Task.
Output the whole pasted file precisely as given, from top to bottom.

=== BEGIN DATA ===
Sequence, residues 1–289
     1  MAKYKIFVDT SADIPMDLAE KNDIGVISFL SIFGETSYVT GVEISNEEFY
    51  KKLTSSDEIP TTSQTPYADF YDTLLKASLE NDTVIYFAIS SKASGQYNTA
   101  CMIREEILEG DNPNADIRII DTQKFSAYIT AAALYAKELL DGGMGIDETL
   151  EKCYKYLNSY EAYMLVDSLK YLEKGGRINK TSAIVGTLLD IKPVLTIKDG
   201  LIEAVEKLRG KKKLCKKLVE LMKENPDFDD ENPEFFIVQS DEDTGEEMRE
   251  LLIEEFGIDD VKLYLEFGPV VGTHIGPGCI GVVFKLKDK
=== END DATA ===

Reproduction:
Sequence, residues 1–289
     1  MAKYKIFVDT SADIPMDLAE KNDIGVISFL SIFGETSYVT GVEISNEEFY
    51  KKLTSSDEIP TTSQTPYADF YDTLLKASLE NDTVIYFAIS SKASGQYNTA
   101  CMIREEILEG DNPNADIRII DTQKFSAYIT AAALYAKELL DGGMGIDETL
   151  EKCYKYLNSY EAYMLVDSLK YLEKGGRINK TSAIVGTLLD IKPVLTIKDG
   201  LIEAVEKLRG KKKLCKKLVE LMKENPDFDD ENPEFFIVQS DEDTGEEMRE
   251  LLIEEFGIDD VKLYLEFGPV VGTHIGPGCI GVVFKLKDK